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Credit Where Credit is Due

I was sitting here, thinking of what to blog about today, and a song from Ron Hynes came on my iPod. It reminded me of a post I wanted to write, based on an experience I had a couple of weeks back. If you don’t know Ron, you can get a sense of him here – he’s one of Canada’s most iconic songwriters, and in my opinion, a national treasure.

I was so fortunate to see Ron Hynes live at the Yellow Canoe Cafe a couple of weekends ago. It’s a tiny little place, and about 40 of us were treated to a delicious home-cooked meal, and a magnificent performance from this living legend. It was an amazing night.

Ron Hynes has been writing music for many, many years. They call him The Man of 1000 Songs. He has a repertoire that is vast and deep. The songs that Ron writes are of such a high calibre that they are often also sung by other, more well known performers, like Emmylou Harris and Prairie Oyster – and many people don’t even know they are Ron’s tunes. Ron also co-writes a lot of his songs, with lots of different legendary performers, like Murray McLauchlin. His songs are beautiful and simple and reflective of love and life in his home, Newfoundland. On this special night, in that tiny cafe, Ron, of course, performed brilliantly. But he also did something so simple, and really remarkable.

After every song he performed, he told us who he wrote the song with. It was totally his show, and they were totally his songs, from his albums. But he made a point of giving credit where credit was due.

For any of you who have ever written a song (or done anything at a high creative level, for that matter), you know that it’s really hard work. It takes a lot of effort, and if you’re co-writing, it can be even more work. The creators of that work deserve every bit of the credit they are given, and guys like Ron Hynes know it. When he gives that credit at the end of each song, he’s acknowledging the efforts and contribution of the other person, and he’s being grateful for his being able to participate in the creation of something wonderful. This is blatantly clear, every time he strums the last chord of a song, and gives that credit. In that moment, we know that he fully appreciates the opportunity he has had to create something amazing with another songwriter. That makes him a great performer, but moreover, it makes him a great person.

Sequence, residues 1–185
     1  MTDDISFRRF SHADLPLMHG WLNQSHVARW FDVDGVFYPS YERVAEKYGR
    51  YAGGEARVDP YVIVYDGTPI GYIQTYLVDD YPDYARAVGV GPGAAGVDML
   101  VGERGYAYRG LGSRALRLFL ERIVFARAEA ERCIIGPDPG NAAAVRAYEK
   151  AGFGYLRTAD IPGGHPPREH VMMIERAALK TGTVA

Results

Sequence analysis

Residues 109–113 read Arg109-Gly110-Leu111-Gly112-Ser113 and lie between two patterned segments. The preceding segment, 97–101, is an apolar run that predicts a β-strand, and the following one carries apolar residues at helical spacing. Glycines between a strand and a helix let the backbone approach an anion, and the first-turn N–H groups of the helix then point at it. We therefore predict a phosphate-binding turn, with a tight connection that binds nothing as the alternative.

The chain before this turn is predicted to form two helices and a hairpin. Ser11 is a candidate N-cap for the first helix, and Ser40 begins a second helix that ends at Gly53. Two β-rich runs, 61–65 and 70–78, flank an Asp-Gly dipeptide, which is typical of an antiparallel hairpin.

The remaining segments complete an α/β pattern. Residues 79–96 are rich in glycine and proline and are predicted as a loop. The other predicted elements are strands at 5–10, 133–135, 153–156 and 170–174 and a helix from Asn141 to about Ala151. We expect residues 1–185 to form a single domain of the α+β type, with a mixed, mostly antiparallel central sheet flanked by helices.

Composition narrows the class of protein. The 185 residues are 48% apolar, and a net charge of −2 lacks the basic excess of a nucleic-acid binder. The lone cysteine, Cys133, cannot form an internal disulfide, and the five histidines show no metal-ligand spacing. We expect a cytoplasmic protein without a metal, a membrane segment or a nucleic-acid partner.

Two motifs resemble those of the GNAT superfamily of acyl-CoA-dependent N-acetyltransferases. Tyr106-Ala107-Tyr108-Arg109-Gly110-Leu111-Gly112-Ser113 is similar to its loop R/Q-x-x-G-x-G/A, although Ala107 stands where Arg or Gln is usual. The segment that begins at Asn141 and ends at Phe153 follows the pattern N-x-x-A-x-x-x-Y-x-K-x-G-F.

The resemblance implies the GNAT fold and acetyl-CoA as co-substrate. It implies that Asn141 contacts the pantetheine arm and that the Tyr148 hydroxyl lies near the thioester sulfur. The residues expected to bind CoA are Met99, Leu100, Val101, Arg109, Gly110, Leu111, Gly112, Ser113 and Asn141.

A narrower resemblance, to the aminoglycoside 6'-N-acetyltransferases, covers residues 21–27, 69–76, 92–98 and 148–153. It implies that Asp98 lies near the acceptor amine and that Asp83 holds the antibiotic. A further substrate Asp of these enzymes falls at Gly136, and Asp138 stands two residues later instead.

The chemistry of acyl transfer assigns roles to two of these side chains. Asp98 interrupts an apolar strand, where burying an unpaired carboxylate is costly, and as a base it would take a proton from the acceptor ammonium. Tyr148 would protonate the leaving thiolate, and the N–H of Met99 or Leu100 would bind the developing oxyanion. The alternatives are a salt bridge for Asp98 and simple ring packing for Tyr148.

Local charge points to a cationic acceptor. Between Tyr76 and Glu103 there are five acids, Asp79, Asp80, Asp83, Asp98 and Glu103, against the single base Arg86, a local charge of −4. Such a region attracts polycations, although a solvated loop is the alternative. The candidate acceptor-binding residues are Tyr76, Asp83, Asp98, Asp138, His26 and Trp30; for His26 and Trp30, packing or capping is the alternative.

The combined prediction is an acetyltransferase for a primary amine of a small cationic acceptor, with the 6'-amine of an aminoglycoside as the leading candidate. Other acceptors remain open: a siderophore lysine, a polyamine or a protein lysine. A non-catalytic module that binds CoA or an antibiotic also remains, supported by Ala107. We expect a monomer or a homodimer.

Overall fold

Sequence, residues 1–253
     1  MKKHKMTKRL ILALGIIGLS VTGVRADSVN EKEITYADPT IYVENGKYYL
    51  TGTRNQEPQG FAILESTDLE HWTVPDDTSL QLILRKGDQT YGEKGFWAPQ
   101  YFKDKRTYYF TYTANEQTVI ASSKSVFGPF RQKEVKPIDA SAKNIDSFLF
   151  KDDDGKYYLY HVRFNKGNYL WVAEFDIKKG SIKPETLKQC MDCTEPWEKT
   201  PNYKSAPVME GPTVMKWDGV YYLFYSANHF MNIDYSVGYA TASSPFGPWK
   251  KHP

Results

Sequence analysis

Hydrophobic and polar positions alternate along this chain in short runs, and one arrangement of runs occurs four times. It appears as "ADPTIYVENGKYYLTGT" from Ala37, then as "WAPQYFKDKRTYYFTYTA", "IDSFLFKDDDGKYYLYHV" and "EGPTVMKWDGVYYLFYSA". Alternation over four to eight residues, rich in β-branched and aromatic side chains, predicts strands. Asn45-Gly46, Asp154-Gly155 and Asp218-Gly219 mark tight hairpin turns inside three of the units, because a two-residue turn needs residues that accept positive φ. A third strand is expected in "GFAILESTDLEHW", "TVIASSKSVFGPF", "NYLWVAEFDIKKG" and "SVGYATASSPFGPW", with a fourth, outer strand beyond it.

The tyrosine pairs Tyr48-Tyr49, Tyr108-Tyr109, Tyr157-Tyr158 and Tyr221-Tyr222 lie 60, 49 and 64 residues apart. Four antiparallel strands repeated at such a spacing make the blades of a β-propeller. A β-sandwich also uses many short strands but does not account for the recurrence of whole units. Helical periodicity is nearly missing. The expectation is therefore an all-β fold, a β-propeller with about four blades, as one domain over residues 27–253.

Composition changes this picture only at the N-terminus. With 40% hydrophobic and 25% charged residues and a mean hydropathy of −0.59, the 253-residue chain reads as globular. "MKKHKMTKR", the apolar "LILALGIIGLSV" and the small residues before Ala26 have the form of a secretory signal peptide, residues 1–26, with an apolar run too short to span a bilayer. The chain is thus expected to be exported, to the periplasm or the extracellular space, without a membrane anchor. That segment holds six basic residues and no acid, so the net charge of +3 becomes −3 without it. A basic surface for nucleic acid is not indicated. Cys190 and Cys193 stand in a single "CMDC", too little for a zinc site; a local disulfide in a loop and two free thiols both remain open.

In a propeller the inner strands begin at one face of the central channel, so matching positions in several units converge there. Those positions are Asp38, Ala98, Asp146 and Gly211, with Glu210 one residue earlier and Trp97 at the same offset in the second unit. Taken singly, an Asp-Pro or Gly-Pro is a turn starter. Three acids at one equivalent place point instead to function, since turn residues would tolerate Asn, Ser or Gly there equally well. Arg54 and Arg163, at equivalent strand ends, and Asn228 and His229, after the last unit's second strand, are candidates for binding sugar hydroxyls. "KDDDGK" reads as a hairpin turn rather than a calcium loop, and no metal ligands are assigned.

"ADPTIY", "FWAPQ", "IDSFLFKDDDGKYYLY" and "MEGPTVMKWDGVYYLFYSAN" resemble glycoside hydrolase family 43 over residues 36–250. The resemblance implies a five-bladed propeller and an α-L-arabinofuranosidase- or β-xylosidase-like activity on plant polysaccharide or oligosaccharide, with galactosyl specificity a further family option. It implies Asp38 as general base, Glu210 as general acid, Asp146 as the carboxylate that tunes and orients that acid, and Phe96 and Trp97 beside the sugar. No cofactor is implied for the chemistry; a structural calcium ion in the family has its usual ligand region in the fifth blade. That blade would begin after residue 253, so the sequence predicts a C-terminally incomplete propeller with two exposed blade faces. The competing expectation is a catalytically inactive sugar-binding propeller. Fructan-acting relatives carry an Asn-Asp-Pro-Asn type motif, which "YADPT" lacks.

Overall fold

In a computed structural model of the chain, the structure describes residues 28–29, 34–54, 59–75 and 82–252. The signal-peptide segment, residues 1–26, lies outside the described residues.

The online world is moving at lightning speed. Information whizzes by us so fast, that we barely have time to react, let alone fully absorb it. And often, we forget about the people who are behind this information. Sure, we retweet things, attributing the post back to the originator. We post the name of the author when we link to their blog post. We give that credit, but are we really paying attention to WHO we are giving credit to, or are we simply tuning that part out, in an effort to spread information as quickly as possible?

As you go through your day today, stop and think for a moment before you blindly hit that retweet button. I challenge you to stop for a minute and, before you comment on a blog post, to go and read the author’s about page. Even if you’ve read it before, go read it again. Then, while you’re reading and sharing, consider the person behind the information. Be grateful for the circumstances that have connected you to them in this space, at this moment.

You might just find that your whole online experience will start to change.

[photo by doug88888]

One Comment

  1. I like your idea regarding reading/re-reading the author’s ‘about’ page in order to keep it personal and real.

    As for retweets with or without comments….

    I have seen too many retweets where the added comment is more about the retweeter than the initial content. Sometimes more is actually less. If in your limited space, where you have way less than 140 characters, and you really don’t have much to add, saying nothing can be a good thing.

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